Why Direct Harvest Dry Edible Beans?

By John Thomas, Extension Educator, Box Butte Co
John A. Smith, Professor Emeritus

In recent years more growers in the central high plains are moving toward direct harvest of dry edible beans instead of the conventional method of undercutting or rodding, windrowing, and then combining. Direct harvest is accomplished by one pass with the combine. Other growing regions such as North Dakota, Michigan and Canada are using direct harvest for the majority of their dry bean harvest.

Following are some reasons to consider direct harvest:

  • Fewer harvest operations. This can translate into time and money saved.
  • Early morning cutting and windrowing operations when the vines are tough are not needed. This is a labor consideration.
  • Risk of wind moving windrows or rain mudding in or damaging the pods after cutting is eliminated.
  • No soil disturbance and more residues remain in the field.
  • Less soil through the combine if direct harvesting correctly.

With all these advantages then, why isn’t everyone direct harvesting? Every production system has pros and cons that growers have to weigh to see if it fits their operations. Some of the reasons people aren’t direct harvesting include:

  • Normally need to wait longer to get the crop out of the field, although crop desiccants can reduce this waiting time.
  • Need to learn a new production system.
  • Need to buy a new or different combine header.
  • A neighbor or nearby grower had a disaster.
  • Total harvest loss will be higher.
  • Special insurance considerations apply, but this may be changing.

Harvest loss is often the major concern with direct harvest of dry beans. Using the conventional harvest method, an average yield loss of about 1½ bushels per acre total harvest loss can be expected in good conditions. This is based on research done in a two-year study on 24 farms by the University of Nebraska Panhandle Center. If conditions are poor with significant wind or rain after cutting, bean yield losses can go up significantly.

Further data gathered by the Panhandle Center indicate that direct harvest losses for pintos would average about 3½ bushels per acre and great northerns around 4 bushels per acre if good field practices are followed. Many factors play into this harvest loss but with proper level field conditions, good weed control, suitable upright bean varieties, the correct combine header and favorable weather, total harvest losses can be minimized to a generally acceptable level.

The following are some data collected from the 2012 season in the Panhandle. The Stateline Producers Cooperative in cooperation with UNL and Roger Rasmussen had a direct harvest variety trial near Hay Springs, with eight varieties replicated two times. The beans were planted with a drill at 10-inch row spacing. The actual plant populations ranged from 75,000 to 108,000 plants per acre. The varieties were planted on June 2 and harvested Oct. 2 without the use of a desiccant. The study was harvested with a 20-foot MacDon Draper Head, except the second treatment of Sinaloa, which was harvested with a MacDon Swather and a Pickett Combine.

Harvest losses varied considerably across the varieties (Figure 1 below). As indicated by the growth habits noted toward the bottom of each yield bar, the more prostrate 3a and 3b type beans generally had the greatest yield loss. The more upright 2b growth types had less yield loss. The treatment in this study with the least harvest loss was Sinaloa harvested with the MacDon Swather and Pickett Combine.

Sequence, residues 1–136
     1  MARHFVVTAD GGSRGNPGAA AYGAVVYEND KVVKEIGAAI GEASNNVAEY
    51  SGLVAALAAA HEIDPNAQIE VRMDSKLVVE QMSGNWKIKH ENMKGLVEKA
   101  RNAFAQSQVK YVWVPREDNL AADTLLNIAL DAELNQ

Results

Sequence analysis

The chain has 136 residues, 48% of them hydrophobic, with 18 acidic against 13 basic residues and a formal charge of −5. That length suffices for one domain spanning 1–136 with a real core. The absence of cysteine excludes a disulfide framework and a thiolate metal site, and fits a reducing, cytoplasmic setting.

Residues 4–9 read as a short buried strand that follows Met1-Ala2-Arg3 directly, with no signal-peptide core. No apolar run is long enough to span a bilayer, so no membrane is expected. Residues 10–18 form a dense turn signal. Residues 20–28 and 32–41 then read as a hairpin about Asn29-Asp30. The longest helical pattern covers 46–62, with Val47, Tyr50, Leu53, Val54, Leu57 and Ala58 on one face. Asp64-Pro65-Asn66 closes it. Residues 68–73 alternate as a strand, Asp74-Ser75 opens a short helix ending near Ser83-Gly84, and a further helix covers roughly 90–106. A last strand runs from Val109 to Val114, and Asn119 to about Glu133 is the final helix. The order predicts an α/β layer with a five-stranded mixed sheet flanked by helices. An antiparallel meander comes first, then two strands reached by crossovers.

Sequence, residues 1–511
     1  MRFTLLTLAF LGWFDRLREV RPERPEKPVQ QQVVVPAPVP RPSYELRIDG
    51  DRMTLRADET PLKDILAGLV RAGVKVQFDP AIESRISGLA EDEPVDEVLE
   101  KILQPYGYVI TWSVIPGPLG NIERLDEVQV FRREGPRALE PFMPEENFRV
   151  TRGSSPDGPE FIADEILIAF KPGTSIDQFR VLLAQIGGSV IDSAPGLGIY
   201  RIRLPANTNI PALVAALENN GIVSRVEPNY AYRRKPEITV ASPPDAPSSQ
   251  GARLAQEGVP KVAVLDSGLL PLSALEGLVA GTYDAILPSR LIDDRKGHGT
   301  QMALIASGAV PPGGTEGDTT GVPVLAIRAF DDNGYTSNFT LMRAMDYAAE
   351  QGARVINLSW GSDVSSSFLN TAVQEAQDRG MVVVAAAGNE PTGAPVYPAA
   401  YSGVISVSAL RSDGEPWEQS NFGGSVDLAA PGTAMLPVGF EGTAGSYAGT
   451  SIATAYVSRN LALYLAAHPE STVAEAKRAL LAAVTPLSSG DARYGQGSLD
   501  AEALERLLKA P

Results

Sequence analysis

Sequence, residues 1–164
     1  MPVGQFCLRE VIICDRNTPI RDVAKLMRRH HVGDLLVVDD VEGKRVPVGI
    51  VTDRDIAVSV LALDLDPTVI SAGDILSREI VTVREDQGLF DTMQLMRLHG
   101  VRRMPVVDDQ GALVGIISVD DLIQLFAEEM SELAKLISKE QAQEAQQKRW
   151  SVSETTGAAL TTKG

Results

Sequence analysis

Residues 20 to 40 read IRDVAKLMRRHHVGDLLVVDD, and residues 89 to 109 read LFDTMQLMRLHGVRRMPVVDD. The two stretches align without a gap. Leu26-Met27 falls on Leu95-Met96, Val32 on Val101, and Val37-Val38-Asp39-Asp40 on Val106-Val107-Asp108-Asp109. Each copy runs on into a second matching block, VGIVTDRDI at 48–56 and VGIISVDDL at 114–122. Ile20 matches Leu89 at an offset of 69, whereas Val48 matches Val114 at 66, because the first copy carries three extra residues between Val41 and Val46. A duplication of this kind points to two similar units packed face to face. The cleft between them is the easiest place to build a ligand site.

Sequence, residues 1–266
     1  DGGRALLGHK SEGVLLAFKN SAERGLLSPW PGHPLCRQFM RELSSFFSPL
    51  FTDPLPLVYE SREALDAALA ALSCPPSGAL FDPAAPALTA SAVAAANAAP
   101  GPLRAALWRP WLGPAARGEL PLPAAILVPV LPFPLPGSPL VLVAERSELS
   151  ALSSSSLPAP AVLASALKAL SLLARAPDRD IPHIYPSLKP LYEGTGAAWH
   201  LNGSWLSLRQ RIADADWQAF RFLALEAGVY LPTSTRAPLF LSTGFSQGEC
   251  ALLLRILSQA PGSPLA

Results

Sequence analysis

With direct harvest 99-217 had the least harvest loss (2 bushels per acre) and windbreaker had the greatest harvest loss (9.98 bushels per acre). This data demonstrates the need to have a good upright variety that holds the pods up above the soil surface.

Yield loss at harvest is not the only consideration. What you actually haul into town to sell after harvest is the bottom line. The final yields after harvest loss are shown in Figure 2 below. Windbreaker, which had the greatest yield loss, had a final overall yield near the top of the trial, 65.6 bushels per acre. This yield didn’t differ significantly from the highest yield, which was ND307 at 68.2 bushels per acre.

Sinaloa, on the other hand, had one of the lowest harvest losses but yielded toward the middle of the study, 60.7 bushels per acre. The take-home message is to choose a good-yielding variety of upright structure and do all you can to minimize harvest loss by using all the farming practices that benefit direct harvest.

During the fall of 2012 eight different fields being direct harvested were visited and yield loss counts were taken. This data is presented in Figure 3 below as an example of total harvest losses occurring in fields in the Panhandle. Some individuals were new to direct harvest and some had been involved for multiple years.

Total harvest loss ranged from 2.6 to 7.02 bushels per acre on the direct harvest fields sampled. The growth habit of the bean variety is noted at the base of the yield bar as in the other graphs. As noted before greater harvest losses were generally found with the more prostrate type 3 growth habits. The 2b upright bean habit is most suitable for direct harvest.
For successful direct harvest, focus on a upright variety with good height and long branches, very level soil surface, early uniform vigorous plants, good herbicide weed control, and a combine header that has been designed for direct harvest of dry edible beans.

FIGURES:

Dry edible bean direct harvest loss

Header losses compared for different varieties of dry beans direct harvested in a 2012 field trial.

Dry edible bean direct harvest loss

Yield compared for different varieties of dry beans direct harvested in a 2012 field trial.

Dry edible bean direct harvest loss comparison

Harvest losses compared in eight different farms where beans were direct harvested in 2012